What should you do to make sure your child succeeds in college...?
If you're one of those parents whose children are graduating from high school and getting ready for college, you're probably sighing with relief. No more application deadlines, rejection letters or financial aid nightmares. But like most parents, you're probably worrying about your child's success in college. If your child is not a stellar student, or if you just want to make your child a more competitive student, consider engaging him or her in the following activities this summer:
College advisors typically help your child select his or her first quarter or semester classes. However, to get a really clear picture of what to expect in college, students need to look beyond their first term and consider their entire college plan. By putting together their comprehensive 4-year plan, they'll be sure to complete their general education, core requirements, and major requirements on time because we'll consider prerequisites, professors and availability. We'll also determine, and include in the plan, important opportunities to improve their options for graduate school and/or employment upon graduation. We'll include internships, club memberships, study abroad, and jobs. Besides helping your child see the big picture (and giving you a blueprint to his/her college plan), you'll save tens of thousands of dollars because your child will graduate on time. Many students spend an extra semester or year in college because they forgot to take a prerequisite course, delaying their entire plan another year, and increasing your financial responsibility. By understanding their plan, students remain engaged and focused on their future success.
If your child isn't using the Merit Planner, this is a good time to get started. Many college professors complain that students arrive as freshmen without the organizational skills they need to succeed in college. High school teachers often give students study guides or allow them to use "cheat sheets" on exams. In the long run, this actually handicaps the students because in college courses they will not be allowed the support of those aids. College freshman often don't open a book during their first month in college because they aren't required to turn in daily homework assignments and only respond to impending deadlines. By using the planner to enter due dates and block off time to complete assignments before their due dates, your child will be ahead of the game when starting college.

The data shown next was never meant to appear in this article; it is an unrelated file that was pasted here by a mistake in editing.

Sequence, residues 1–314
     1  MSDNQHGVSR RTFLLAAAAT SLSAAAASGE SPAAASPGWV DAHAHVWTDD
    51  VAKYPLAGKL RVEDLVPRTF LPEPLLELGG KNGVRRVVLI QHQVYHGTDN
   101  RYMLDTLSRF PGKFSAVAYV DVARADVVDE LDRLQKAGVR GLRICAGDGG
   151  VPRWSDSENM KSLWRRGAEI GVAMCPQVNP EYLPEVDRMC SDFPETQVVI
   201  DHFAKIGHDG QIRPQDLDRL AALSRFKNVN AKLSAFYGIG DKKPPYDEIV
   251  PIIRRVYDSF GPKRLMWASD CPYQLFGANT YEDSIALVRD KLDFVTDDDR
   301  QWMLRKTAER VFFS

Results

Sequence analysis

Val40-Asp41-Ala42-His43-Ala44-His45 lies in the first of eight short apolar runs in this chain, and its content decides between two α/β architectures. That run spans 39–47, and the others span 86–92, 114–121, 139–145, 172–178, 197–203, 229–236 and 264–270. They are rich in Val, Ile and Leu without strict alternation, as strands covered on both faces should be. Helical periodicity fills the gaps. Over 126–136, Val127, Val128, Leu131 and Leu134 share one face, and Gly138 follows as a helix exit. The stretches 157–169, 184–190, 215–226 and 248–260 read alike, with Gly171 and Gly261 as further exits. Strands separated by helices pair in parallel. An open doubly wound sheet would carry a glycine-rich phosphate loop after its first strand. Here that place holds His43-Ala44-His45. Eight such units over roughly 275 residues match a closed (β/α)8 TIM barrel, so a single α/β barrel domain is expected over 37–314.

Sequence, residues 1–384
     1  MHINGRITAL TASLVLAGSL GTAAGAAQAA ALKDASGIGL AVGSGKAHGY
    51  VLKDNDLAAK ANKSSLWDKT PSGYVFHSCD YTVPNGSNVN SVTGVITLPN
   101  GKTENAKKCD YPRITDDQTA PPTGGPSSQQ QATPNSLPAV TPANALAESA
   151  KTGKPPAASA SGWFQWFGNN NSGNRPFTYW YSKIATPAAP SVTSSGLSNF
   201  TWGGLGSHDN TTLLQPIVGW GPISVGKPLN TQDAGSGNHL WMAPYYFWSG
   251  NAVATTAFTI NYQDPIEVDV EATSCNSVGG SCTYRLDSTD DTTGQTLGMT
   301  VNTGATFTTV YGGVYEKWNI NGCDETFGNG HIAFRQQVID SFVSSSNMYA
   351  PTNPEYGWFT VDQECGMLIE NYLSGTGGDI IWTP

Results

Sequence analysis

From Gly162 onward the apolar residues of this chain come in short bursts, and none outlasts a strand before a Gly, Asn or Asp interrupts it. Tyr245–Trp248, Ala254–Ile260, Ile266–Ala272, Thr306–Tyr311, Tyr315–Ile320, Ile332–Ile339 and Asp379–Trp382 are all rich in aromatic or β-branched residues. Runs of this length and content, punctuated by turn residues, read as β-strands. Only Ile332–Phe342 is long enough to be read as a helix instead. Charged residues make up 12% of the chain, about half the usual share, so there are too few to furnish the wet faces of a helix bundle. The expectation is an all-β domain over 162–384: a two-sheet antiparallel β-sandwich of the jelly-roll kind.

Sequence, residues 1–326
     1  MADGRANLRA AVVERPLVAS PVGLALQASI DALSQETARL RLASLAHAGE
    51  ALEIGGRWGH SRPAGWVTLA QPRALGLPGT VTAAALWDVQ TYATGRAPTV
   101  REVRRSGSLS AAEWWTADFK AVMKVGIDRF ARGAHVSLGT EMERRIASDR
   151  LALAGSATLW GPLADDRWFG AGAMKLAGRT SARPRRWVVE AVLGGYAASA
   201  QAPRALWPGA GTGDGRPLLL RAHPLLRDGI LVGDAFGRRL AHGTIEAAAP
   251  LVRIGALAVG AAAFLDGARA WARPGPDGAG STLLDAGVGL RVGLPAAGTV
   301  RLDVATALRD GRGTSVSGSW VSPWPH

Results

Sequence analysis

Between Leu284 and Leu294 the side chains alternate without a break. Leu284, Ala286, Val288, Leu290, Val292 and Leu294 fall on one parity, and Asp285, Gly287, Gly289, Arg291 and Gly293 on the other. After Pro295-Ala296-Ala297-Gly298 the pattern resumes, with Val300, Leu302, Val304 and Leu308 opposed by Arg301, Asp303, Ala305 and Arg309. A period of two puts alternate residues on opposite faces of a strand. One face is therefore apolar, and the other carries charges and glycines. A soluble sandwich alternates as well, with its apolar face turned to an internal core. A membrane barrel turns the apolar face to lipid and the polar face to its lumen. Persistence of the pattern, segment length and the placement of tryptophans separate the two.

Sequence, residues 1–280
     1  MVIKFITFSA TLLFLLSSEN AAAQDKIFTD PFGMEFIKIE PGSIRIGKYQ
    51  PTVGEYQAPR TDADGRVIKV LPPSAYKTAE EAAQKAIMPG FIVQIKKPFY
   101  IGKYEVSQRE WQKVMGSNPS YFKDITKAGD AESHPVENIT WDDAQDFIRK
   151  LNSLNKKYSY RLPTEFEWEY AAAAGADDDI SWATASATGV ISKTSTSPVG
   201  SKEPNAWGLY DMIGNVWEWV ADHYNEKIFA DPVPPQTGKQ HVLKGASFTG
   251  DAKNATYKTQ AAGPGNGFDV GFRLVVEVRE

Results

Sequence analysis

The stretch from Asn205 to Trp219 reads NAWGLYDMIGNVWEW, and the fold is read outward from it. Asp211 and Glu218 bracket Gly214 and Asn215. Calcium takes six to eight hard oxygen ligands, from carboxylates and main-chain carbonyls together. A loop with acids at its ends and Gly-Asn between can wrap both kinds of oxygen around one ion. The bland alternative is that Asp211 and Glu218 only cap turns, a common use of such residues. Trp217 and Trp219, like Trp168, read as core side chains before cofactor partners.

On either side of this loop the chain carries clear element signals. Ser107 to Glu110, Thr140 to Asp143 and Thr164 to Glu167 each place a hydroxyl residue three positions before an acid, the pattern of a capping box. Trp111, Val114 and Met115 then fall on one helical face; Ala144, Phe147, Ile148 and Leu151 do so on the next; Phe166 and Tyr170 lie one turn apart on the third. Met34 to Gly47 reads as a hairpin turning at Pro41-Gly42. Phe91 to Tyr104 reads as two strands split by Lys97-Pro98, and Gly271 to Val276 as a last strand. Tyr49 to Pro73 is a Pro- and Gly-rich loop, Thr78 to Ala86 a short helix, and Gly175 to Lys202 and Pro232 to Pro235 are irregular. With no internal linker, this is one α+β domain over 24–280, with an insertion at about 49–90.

Spending the summer fine-tuning grammar, learning writing mechanics, and essay-writing skills will help prepare your child for his or her classes in the fall. Merit offers a special one-on-one class for college-bound students that teaches them how to write a college-level essay and how to cite sources, avoid plagiarism, and develop research skills. College professors at prominent institutions are disappointed that their students can't write essays. This is the ideal time to brush up on writing skills.
Drugs, Alcohol, and Sex:
This will be the last summer that you will definitely have your child at home (and living under your rules). Take this opportunity to discuss what to expect in the college social scene. Students who know their limits and understand what is safe and legal will be more inclined to make smarter choices when confronted with enticing opportunities to go wild. Knowing what levels of alcohol and drugs their bodies can safely consume and how to avoid toxic or lethal mixes can potentially save your child's life. Even if you've had "the talk" with your child before, discuss birth control and sexually transmitted diseases again. Hooking up at parties on college campuses is the rage, and that means that your child may encounter pressure to do things that he or she didn't do in high school. Ask a college junior or senior to share with your child pitfalls and things to avoid during freshman year. Seasoned juniors or seniors will have a wealth of advice that your child may be more inclined to listen to.